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Leave your PDA at home

Dec 02, 20023 mins

Putting your contacts database online lets you access it from anywhere

Last time we discussed the new CardScan business-card scanner hardware and accompanying database software. Since then, I’ve downloaded the upgrade (runs faster, jumps higher) and explored the online component called

CardScan does a good job organizing contact information for easy access in or out of the office. Feeding your stack of business cards into the CardScan unit is input, and output can be to your computer or PDA. Use your PC at home, and stick your PDA in your pocket for easy reference while traveling.

Yet some of us prefer to travel without electronic leashes of any kind (to me, it’s not a vacation if you carry anything that beeps or chirps), yet we may still need data access. Hence the value of, which makes accessing your database simple with any Web browser. Databases you can’t trust are worthless, so offers automatic updates. Add a card or change information on your PC, and the online version is updated immediately, and vice versa, assuming you maintain an Internet connection.

If you don’t use CardScan and want to store your contacts online, that’s doable, too. First, pick an online personal information manager or address book application that you trust will be around for a while, such as Yahoo, America Online and MSN. There are smaller companies with excellent options, but try and find ones affiliated with a big company with staying power.

Next, you need to export the records from your current database and import them into the new one – a task more complicated than it sounds. To avoid headaches, before you begin, print (on paper) the layout of the database you use now, including all pages. Print out each page of your online candidates as well. Take a pencil and number each important field you want to keep on your existing system, such as last name and first name and e-mail address. Number the corresponding field on the new system, and note what the new system calls each item.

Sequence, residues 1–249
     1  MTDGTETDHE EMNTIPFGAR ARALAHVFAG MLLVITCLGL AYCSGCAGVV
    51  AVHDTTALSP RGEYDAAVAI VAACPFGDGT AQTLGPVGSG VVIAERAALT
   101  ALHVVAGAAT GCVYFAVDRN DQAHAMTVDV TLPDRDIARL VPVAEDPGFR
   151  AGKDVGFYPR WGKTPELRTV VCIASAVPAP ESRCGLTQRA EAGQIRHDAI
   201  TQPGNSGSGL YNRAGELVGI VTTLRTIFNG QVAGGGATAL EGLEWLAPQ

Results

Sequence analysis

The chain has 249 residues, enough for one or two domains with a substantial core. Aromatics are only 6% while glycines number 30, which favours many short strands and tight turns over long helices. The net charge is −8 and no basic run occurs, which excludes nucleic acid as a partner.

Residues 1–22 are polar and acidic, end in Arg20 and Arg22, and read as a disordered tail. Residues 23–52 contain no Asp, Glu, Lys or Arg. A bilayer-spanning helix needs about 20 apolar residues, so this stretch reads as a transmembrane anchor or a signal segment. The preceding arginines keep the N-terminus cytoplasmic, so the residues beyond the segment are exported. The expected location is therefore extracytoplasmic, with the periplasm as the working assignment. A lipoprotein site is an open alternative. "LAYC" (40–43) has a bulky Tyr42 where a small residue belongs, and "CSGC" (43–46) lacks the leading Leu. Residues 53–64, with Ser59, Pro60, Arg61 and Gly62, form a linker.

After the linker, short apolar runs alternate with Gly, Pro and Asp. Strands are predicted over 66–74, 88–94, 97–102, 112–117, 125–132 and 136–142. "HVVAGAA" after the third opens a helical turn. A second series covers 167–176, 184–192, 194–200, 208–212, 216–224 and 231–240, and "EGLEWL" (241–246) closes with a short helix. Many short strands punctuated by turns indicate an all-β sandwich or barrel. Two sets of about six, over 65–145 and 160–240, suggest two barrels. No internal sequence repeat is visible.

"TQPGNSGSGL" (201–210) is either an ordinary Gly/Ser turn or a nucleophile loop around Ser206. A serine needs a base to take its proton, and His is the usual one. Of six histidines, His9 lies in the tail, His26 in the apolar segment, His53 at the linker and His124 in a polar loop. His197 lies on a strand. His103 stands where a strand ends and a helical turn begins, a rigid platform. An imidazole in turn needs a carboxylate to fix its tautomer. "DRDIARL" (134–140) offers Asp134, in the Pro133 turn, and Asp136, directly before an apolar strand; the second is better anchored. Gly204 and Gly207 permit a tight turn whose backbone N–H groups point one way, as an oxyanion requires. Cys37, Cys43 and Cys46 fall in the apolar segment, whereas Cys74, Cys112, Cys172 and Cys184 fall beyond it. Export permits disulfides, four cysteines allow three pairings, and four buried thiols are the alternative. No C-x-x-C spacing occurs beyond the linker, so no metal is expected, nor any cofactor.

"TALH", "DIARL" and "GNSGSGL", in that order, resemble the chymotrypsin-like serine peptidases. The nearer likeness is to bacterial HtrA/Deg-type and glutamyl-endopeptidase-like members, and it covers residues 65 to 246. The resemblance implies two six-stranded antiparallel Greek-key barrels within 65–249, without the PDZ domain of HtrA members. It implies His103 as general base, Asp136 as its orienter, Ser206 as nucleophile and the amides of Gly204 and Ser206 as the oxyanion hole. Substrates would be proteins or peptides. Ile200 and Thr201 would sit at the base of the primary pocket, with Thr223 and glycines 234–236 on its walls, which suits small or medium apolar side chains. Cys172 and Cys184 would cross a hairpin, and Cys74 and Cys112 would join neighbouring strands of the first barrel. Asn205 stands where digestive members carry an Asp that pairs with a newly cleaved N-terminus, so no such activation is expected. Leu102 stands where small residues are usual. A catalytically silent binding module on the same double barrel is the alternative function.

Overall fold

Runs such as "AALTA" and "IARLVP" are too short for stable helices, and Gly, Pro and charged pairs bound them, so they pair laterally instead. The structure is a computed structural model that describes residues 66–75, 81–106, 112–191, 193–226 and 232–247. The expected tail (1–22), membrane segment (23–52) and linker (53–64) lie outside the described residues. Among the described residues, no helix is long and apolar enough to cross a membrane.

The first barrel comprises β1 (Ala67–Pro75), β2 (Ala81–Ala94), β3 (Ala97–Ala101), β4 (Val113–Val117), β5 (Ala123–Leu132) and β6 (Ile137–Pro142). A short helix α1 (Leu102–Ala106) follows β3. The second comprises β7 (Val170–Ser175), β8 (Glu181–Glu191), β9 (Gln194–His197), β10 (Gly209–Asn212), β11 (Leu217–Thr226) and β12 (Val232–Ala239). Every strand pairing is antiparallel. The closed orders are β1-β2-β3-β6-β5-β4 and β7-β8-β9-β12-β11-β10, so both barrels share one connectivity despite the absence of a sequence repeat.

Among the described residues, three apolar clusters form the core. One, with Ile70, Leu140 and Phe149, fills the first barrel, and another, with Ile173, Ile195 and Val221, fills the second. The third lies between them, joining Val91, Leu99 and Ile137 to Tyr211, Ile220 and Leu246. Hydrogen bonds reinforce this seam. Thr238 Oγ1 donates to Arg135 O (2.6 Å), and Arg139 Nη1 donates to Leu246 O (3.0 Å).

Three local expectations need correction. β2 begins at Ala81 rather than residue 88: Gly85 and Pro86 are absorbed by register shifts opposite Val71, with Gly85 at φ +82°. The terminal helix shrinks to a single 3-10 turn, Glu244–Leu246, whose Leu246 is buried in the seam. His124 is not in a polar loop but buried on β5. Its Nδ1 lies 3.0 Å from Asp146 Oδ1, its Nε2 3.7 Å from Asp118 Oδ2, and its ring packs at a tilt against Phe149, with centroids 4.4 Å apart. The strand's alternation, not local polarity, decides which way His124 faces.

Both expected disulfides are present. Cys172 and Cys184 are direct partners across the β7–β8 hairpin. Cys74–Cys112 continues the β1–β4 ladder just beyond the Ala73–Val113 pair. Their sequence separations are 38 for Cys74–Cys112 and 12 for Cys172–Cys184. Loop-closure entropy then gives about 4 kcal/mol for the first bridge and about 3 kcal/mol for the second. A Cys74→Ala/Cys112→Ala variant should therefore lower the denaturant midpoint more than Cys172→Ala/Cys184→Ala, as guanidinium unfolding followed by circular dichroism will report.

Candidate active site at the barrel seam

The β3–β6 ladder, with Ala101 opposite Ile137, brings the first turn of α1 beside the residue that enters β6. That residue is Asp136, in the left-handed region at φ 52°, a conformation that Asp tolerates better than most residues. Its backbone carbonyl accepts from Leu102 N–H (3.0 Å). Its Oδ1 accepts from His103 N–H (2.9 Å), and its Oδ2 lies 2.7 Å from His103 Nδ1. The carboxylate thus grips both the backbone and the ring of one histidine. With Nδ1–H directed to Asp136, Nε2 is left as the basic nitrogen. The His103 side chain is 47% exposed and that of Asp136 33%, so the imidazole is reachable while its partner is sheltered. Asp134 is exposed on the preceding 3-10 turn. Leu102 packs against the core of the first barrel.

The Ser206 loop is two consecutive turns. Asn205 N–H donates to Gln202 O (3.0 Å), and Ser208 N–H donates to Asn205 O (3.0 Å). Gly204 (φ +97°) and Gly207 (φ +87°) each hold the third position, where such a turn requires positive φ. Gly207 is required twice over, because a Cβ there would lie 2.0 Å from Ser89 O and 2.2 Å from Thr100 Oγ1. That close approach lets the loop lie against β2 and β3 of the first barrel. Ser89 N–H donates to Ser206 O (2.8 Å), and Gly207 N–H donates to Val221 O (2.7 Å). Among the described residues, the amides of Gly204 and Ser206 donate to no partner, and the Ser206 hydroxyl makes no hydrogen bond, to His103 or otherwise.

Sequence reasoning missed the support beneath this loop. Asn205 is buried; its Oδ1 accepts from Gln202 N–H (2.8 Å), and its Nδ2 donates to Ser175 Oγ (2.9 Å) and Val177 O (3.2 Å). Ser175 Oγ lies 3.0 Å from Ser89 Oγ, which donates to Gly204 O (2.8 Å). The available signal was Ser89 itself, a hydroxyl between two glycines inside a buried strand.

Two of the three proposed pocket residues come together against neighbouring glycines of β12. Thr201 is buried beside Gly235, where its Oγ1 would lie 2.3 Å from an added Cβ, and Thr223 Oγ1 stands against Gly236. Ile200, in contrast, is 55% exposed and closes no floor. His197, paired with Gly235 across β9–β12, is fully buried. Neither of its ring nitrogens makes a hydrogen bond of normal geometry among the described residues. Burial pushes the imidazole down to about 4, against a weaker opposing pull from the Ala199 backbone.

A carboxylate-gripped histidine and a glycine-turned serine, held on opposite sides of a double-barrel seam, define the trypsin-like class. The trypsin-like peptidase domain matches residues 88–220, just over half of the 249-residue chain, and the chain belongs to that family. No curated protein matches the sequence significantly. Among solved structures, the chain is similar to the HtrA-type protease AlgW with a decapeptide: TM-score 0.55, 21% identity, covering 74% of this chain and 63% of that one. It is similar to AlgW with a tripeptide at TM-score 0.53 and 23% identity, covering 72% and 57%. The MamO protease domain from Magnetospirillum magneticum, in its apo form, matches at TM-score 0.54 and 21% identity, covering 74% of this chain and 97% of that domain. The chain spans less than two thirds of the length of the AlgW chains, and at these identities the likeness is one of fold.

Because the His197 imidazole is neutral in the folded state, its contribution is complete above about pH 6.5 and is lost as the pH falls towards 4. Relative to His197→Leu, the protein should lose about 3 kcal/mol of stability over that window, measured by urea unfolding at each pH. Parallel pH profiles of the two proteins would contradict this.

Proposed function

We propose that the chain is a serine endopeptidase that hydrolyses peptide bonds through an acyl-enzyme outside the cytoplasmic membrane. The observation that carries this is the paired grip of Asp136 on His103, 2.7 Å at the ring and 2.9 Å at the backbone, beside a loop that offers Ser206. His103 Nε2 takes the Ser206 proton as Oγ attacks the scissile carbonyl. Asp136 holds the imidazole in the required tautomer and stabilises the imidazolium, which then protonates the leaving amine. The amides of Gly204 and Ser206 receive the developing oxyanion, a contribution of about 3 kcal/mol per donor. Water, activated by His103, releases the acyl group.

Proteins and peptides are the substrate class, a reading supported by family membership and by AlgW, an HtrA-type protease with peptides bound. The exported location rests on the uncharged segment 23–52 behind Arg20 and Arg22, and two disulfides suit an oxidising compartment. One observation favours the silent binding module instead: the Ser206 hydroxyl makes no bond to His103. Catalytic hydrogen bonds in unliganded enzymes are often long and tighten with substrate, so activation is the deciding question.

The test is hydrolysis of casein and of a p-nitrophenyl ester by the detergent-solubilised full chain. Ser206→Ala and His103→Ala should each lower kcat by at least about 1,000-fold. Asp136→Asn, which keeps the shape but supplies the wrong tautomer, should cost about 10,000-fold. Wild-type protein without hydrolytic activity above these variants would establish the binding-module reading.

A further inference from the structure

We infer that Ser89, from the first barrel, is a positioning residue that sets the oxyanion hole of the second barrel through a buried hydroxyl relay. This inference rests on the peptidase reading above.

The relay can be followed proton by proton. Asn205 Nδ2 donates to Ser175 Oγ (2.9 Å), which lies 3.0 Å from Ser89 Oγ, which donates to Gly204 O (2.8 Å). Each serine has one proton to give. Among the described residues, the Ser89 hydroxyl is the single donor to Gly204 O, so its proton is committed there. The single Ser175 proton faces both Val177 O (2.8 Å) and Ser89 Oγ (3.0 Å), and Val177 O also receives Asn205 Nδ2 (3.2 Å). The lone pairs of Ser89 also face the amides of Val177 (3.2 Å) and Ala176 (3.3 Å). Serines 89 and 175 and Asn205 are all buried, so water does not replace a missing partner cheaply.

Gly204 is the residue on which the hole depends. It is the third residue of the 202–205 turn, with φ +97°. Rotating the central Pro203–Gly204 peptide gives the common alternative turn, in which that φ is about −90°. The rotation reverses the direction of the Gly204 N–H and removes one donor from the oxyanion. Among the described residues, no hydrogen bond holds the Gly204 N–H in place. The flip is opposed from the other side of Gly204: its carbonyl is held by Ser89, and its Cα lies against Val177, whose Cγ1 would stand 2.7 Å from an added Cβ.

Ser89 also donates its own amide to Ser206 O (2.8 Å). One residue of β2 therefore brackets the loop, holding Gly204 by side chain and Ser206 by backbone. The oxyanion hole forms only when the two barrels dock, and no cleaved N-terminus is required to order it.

I was surprised at how the field names vary among databases. Microsoft, for instance, changes major fields like Name between its Address Book, Outlook Express and Outlook. The Address Book and Outlook Express use First, Middle, Last for names, while Outlook uses Full Name. AOL uses First Name and Last Name and Screen Name, which others call Display or Nickname. Match the fields up on the outgoing and incoming database as best you can.

Is this exercise worth all the trouble? Absolutely, if you travel much at all. With an online address book, you can see your entire contact database from anywhere on the Web. Wherever you go, there’s your address book. And unlike a little black book or a PDA, you can’t leave this one at home.